U.S. Commemorates 50 Years of Partnership in Morocco
Contact: USAID Press Office: 202-712-4320; Public Information: 202-712-4810
WASHINGTON, April 20 /Standard Newswire/ -- The U.S. Government recently celebrated 50 years of partnership in development with the Government of Morocco. U.S. and Moroccan officials recently marked the occasion in ceremonies in Morocco and in the Washington, D.C. metropolitan area.
On April 2, 1957, the United States initiated a program of economic and technical assistance to Morocco. Since then, the American people have invested over $2 billion in the human, economic, and institutional development of Morocco.
Under its long partnership with the Moroccan Government, the U.S. has helped change Moroccan lives for the better, working with government agencies, civil society organizations, and the private sector. Over the 50-year relationship, the most notable successes have come in agriculture and agribusiness, health, primary education, housing and urban development, microfinance, small and medium enterprise growth, and water management.
Earlier this week Randall L. Tobias, Director of U.S. Foreign Assistance and U.S. Agency for International Development Administrator, and Moroccan Ambassador Aziz Mekouar commemorated the partnership at the ambassador's residence in Maryland.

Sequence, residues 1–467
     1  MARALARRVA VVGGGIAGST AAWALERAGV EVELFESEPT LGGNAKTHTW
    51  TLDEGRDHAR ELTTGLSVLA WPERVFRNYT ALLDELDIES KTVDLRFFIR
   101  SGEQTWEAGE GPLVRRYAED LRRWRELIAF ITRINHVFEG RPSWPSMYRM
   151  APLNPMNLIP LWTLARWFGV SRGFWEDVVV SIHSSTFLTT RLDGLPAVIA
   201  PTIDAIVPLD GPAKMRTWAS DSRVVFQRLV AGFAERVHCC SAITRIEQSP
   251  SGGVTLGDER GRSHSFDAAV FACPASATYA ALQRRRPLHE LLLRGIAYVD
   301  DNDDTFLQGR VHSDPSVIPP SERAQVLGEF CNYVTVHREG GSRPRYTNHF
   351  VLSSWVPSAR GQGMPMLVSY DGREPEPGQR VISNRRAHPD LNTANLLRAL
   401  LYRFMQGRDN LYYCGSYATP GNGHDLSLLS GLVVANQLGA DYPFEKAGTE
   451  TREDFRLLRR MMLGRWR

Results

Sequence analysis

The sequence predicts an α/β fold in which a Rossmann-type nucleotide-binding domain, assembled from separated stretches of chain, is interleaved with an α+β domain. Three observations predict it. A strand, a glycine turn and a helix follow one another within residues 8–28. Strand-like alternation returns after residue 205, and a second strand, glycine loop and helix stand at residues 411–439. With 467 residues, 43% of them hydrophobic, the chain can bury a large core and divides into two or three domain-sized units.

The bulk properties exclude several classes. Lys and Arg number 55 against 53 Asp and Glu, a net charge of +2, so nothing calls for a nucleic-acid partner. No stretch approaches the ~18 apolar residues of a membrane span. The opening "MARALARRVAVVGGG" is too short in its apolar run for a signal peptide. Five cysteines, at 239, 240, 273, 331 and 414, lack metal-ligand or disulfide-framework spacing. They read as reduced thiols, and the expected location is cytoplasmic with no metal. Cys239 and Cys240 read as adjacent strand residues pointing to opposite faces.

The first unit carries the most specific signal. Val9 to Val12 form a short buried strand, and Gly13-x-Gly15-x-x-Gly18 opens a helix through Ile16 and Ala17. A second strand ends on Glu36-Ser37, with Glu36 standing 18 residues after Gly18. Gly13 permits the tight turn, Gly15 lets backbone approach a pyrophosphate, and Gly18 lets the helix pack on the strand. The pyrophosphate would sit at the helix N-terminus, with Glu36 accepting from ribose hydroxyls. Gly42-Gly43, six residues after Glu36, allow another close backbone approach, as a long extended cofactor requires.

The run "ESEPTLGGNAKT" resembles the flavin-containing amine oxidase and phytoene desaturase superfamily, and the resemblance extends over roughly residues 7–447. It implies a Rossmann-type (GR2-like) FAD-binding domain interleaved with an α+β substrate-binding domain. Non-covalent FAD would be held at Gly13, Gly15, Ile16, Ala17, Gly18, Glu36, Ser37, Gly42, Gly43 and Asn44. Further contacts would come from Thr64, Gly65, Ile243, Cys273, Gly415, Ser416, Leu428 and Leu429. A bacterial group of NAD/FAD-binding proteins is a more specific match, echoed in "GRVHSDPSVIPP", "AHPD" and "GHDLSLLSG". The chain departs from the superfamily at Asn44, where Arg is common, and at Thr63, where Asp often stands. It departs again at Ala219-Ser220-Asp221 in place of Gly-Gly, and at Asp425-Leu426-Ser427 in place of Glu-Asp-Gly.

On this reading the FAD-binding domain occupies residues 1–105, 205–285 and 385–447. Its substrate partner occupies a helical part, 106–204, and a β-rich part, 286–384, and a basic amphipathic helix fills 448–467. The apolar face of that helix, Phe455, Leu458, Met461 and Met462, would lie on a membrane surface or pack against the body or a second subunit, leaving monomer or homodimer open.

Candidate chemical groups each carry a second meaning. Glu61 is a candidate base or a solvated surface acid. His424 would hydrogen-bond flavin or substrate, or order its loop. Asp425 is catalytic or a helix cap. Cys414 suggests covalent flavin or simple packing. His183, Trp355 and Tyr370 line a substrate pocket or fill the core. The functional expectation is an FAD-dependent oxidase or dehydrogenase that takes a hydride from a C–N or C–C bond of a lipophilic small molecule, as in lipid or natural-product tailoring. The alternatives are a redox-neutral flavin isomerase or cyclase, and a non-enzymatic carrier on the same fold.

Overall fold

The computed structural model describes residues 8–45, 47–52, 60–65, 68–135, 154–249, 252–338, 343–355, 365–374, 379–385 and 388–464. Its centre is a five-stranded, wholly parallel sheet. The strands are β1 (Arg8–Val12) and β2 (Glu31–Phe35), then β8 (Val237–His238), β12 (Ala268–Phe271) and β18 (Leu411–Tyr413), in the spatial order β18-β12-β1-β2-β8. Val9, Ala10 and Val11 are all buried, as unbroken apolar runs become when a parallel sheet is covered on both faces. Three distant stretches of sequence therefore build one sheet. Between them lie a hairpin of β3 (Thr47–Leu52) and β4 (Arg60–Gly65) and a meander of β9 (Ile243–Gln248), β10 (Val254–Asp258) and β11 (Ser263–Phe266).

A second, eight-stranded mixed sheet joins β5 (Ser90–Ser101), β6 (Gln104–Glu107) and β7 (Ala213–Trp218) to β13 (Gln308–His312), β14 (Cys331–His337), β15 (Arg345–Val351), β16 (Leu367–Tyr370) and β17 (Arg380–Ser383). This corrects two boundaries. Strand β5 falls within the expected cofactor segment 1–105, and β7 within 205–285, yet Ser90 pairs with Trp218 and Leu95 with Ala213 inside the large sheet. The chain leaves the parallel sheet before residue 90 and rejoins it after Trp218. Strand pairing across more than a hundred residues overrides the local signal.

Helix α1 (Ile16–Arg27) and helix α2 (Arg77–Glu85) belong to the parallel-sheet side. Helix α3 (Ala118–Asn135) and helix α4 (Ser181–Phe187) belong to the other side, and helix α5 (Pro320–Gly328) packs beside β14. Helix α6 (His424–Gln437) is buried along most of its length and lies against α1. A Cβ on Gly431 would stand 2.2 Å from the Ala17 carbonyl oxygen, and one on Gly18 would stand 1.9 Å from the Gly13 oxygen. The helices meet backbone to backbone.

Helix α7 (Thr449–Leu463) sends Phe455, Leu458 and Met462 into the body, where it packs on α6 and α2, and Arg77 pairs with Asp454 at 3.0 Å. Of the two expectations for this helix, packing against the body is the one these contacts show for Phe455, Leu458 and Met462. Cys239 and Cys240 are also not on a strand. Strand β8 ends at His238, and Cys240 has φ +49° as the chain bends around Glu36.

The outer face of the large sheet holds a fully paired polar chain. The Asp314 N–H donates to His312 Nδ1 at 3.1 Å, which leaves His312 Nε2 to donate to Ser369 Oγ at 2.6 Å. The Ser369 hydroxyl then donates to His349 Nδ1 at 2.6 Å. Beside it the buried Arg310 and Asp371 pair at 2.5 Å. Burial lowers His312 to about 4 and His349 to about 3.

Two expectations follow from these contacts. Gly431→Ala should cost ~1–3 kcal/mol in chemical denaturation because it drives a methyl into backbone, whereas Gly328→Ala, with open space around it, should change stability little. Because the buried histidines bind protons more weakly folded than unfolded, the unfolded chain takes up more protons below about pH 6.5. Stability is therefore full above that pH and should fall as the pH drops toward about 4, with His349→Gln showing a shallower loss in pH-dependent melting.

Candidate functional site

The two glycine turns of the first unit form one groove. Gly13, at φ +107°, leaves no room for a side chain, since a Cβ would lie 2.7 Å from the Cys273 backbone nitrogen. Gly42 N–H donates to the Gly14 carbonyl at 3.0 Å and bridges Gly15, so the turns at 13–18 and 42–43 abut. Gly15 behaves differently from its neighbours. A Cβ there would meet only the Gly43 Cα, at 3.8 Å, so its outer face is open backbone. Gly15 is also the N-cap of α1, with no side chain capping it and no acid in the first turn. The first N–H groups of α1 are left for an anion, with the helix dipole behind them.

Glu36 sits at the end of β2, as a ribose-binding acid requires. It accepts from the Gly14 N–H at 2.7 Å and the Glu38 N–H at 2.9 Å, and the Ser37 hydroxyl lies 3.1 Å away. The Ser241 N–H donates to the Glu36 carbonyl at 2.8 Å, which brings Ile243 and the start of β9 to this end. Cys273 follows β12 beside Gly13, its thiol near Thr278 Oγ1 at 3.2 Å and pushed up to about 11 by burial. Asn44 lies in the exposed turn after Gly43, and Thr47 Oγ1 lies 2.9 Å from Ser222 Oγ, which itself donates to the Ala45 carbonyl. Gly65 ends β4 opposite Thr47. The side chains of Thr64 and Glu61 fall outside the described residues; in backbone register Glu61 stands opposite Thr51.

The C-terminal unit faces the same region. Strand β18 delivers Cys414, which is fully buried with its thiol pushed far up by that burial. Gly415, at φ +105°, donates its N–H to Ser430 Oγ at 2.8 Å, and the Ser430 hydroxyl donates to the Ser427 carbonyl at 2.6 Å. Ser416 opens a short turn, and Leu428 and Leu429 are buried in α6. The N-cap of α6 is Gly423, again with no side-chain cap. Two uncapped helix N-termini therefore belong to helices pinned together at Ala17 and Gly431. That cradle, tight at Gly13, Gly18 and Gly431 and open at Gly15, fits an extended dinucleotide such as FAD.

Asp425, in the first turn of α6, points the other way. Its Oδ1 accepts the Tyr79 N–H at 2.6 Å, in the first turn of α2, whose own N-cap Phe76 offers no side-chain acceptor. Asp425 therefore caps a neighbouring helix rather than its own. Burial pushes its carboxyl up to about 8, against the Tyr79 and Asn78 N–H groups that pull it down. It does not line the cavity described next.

"Fifty years ago, Morocco was a very different place from the country we know today," said Tobias. "The pull of the cities has meant that Morocco is no longer rural. Water systems help mitigate against drought. Potable water and electricity are found in most homes. The massive expansion of the country's education infrastructure means that children and adults both have access."
Noting that Morocco and the United States have moved "from a traditional assistance relationship to one based on mutual benefit and interdependence," Ambassador Tobias also observed that the relationship considerably exceeds 50 years. "In fact, 230 years ago Morocco was one of the first states in the world to acknowledge publicly the independence of the American Republic - in 1777," he said.
The cooperation continues, with the mutual goal of building an educated, democratic Moroccan nation that is competitive in the global marketplace.
A ceremony last week in Rabat, the Moroccan capital, was attended by American and Moroccan officials, including Her Royal Highness Princess Lala Miriam, U.S. Ambassador Thomas Riley and Washington, D.C. based USAID Sr. Deputy Assistant Administrator for Asia and the Near East Mark Ward.
For more information about USAID's programs in Morocco, please visit: www.usaid.gov/locations/asia_near_east/countries/morocco.